2. Frances Harvey Moxley attended Wilson Co. training school, Lebanon, TN class of 1933. Need community name to do further look-up. -----Original Message----- From: Nikki Drew <[email protected]> To: [email protected] Sent: Mon, 7 Jan 2008 1:18 am Subject: [MICHIGAN-AFAM] African American Moxley - Detroit I am researching the Moxley surname. My branch is African American and from Wilson County and/or Rutherford County Tennessee. Specifically I am looking for the descendants(if there are any) of my grandfather's brother, John L. Moxley who moved from Tennessee with their father, Andrew Moxley to the Detroit area. My grandparents went up to visit John L. once but then lost contact. Walter and Frances Moxley(my grandparents) had 4 children Descendants of Sandy Moxley 1 Sandy Moxley Unknown - Unknown .. +Teenie Bryant Unknown - Unknown ......... 2 Andrew Moxley 1897 - Unknown ............. +Lula Bartlett 1899 - Unknown .................... 3 John L. Moxley .................... 3 Walter Edward Moxley, Sr 1915 - 1975 ........................ +Frances Elizabeth Harvey 1915 - 1952 .................... *2nd Wife of Walter Edward Moxley, Sr: ........................ +Ivy Dell Bell 1913 - 2005 ------------------------------- To unsubscribe from the list, please send an email to [email protected] with the word 'unsubscribe' without the quotes in the subject and the body of the message ________________________________________________________________________ More new features than ever. Check out the new AOL Mail ! - http://webmail.aol.com

    01/07/2008 11:23:07
    1. [MICHIGAN-AFAM] African American Moxley - Detroit
    2. Nikki Drew
    3. I am researching the Moxley surname. My branch is African American and from Wilson County and/or Rutherford County Tennessee. Specifically I am looking for the descendants(if there are any) of my grandfather's brother, John L. Moxley who moved from Tennessee with their father, Andrew Moxley to the Detroit area. My grandparents went up to visit John L. once but then lost contact. Walter and Frances Moxley(my grandparents) had 4 children Descendants of Sandy Moxley 1 Sandy Moxley Unknown - Unknown .. +Teenie Bryant Unknown - Unknown ......... 2 Andrew Moxley 1897 - Unknown ............. +Lula Bartlett 1899 - Unknown .................... 3 John L. Moxley .................... 3 Walter Edward Moxley, Sr 1915 - 1975 ........................ +Frances Elizabeth Harvey 1915 - 1952 .................... *2nd Wife of Walter Edward Moxley, Sr: ........................ +Ivy Dell Bell 1913 - 2005

    01/06/2008 08:18:21
    1. [MICHIGAN-AFAM] mary and agnes ozenghar
    2. HiIm looking forany infor on sisters agnes amd mary ozenghar livin in mich , possble detriot wayne co they also adothped homer ozenghar his germn name raundschiner [ possble amrican tranlation] 1900 1920 also can adopting papers lookup ? i another question is the surname raundschwinder is it in the state ? and where ? thanks greg ************************************** See what's free at http://www.aol.com.

    04/22/2007 02:52:53
    1. [MICHIGAN-AFAM] homer hairss raundschwinder , born feb 12 1902
    2. hi im looking for any infor on homer hairris raunschwinder born feb 12 1902 possble in pa by later in life he was adopted by 2 aunts with the surname ozenghar [van ozenghar] eiter in pa on mich homer jr was nd kdsbiling were born in detriot wayne co mich 1923 and later any infor will be helpfull thanks greg ************************************** See what's free at http://www.aol.com.

    04/20/2007 05:09:10
    1. [MICHIGAN-AFAM] ozenghar surname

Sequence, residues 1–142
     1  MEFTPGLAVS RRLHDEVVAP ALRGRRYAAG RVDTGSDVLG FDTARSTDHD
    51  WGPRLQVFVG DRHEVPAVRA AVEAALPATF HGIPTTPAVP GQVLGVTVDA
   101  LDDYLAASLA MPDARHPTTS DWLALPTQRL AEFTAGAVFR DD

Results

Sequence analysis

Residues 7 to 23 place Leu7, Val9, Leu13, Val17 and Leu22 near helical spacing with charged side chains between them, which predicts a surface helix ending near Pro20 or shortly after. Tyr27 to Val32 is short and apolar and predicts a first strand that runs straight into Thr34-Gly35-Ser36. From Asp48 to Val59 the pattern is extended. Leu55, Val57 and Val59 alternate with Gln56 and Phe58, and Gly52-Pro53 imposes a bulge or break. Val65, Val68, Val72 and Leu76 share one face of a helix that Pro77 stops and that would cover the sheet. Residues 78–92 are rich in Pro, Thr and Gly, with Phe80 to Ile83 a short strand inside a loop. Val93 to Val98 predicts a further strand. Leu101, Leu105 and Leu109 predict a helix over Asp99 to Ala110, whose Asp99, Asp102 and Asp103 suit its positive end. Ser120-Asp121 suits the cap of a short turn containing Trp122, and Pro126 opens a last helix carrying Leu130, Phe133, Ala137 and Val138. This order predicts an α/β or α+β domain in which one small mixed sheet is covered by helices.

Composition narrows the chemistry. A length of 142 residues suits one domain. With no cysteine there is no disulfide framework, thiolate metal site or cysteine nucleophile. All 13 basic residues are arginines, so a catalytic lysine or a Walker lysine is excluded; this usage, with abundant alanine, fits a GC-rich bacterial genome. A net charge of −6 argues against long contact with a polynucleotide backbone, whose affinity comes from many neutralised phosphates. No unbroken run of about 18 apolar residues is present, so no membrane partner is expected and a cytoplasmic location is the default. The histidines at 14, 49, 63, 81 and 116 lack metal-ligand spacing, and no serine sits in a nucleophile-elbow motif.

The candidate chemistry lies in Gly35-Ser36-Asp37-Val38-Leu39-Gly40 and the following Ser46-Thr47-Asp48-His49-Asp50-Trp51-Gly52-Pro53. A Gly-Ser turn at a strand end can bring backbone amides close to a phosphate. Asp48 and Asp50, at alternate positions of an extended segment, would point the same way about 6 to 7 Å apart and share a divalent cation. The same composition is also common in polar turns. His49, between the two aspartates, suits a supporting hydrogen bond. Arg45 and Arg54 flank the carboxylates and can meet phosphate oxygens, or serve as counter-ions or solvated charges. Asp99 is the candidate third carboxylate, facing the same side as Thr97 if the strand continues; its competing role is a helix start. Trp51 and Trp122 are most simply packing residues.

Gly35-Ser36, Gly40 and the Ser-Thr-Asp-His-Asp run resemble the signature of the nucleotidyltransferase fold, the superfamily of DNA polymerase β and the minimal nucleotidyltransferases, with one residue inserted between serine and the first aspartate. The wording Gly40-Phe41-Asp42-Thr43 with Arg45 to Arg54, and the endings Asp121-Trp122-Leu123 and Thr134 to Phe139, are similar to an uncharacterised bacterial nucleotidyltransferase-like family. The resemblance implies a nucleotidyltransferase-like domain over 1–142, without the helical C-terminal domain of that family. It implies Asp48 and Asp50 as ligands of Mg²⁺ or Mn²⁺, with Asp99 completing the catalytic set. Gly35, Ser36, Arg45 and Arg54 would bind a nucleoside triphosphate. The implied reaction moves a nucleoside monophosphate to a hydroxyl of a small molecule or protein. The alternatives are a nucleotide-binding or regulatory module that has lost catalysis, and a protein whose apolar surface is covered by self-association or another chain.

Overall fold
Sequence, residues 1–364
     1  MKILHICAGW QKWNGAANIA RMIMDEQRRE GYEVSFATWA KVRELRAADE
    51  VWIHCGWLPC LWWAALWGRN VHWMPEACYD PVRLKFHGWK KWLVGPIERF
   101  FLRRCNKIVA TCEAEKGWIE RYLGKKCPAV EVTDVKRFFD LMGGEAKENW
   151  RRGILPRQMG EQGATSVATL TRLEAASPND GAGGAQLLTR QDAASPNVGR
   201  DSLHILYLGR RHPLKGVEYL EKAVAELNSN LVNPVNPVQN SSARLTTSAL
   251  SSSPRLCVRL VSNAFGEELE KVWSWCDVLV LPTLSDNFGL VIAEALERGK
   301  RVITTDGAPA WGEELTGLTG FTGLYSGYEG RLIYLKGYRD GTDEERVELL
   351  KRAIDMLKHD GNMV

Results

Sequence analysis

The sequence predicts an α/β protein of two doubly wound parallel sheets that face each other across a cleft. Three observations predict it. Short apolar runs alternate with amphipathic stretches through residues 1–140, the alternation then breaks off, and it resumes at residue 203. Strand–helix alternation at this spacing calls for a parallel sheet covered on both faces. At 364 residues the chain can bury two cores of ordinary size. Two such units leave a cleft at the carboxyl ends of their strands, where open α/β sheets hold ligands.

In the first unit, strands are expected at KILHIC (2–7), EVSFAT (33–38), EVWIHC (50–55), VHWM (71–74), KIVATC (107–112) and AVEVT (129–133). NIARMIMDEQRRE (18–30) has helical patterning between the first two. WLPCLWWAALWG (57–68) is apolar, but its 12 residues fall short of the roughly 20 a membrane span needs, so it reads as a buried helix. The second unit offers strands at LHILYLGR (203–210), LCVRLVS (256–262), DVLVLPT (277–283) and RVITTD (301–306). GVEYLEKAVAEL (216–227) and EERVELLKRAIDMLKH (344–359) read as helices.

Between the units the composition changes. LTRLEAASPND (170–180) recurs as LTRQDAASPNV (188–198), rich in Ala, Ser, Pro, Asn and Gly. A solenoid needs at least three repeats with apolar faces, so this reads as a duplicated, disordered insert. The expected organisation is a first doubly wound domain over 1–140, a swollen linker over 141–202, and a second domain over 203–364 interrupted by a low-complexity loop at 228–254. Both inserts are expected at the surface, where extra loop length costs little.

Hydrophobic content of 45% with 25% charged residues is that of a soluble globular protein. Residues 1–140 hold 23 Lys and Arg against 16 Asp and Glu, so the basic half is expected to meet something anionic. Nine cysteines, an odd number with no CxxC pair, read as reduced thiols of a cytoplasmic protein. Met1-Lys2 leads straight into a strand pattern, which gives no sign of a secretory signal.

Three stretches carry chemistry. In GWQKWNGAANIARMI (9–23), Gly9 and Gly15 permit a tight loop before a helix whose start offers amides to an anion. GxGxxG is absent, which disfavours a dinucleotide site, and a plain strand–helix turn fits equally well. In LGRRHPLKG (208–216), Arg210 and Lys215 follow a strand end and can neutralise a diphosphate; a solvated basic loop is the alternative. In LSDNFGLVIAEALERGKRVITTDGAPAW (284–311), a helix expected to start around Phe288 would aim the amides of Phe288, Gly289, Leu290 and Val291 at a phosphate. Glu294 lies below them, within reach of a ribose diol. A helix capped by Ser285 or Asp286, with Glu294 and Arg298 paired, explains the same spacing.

2. Hi im looking for the homer herny ozenghar parents were lving in detriot , and or in mich he married iva may harris . im looking for birth date ad death date sof rhomer and his parents and any siblings any help will be helpfull thanks greg ************************************** See what's free at http://www.aol.com.

    04/16/2007 04:51:25
    1. [MICHIGAN-AFAM] harris surname
    2. forgot charles timothy harris may have been in living in detriot , ************************************** See what's free at http://www.aol.com.

    04/16/2007 04:49:15
    1. [MICHIGAN-AFAM] harris surname 1859 charles timothy haris
    2. Hi Im looking for any infor on exact birth dates and death dates and cencuss , for charles timothy harris b 1859 exact date of birth and died 1934 need exact date of death he married mary jane dupaul [ du paul] b 1862and they had 9 children and they are bclaude c haiirs b 1883 and married gertrude callahan , fred harris b 1885 , timothy harris b 1886 married marcella murphy , charles harris b 1886 , ,married emmea waldron , william harris b 1888 married belle , besse harris b 1890 ,married robert merrill , clarence sandersonharris b 1896 married winifred may watson , pearl harris b 1897 married charles haak , iva may harris [my line ] any help on birth and dadeath dates and maarrages will be helpfull and alo cem records thanks greg ************************************** See what's free at http://www.aol.com.

    04/16/2007 04:48:10
    1. KELLY, ARTHUR J >Maine>NH>Michigan m Grace Kelly
    2. I am trying to track an ancestor, Arthur Jetson Kelly/Kelley who was born in Maine of an old African American family {Williams family} in circa 1879. He also lived in a neighboring community of Portsmouth, NH growing up. I found Arthur listed in the Detroit-area in 1930 federal census, married to a Grace Kelly with no children listed. He was about 50 y.o. He was the son of Annie M. {Williams} Kelly and Arthur W. Kelly. His father died rather young in Concord, NH circa 1884 and his Mom died in South Berwick, ME 1907. His parents are my g/g/grandparents. His Mom, Annie M. Kelly was born in Maine. His Dad, Arthur W. Kelly was born in Maryland according to an old Bible I have pages from. His Dad was most likely born into slavery, but may have been very young during the time of emancipation. There is varying information that shows his Dad born in either Md or DE, but I believe MD to be the correct birthplace. Arthur, Jr. had a brother Percy Kelly who died about 1932 in Cleveland, OH. He also had a sister, Josephone Kelly Patillo who is my direct line. Appreciate any help. Sheila Reed Findlay I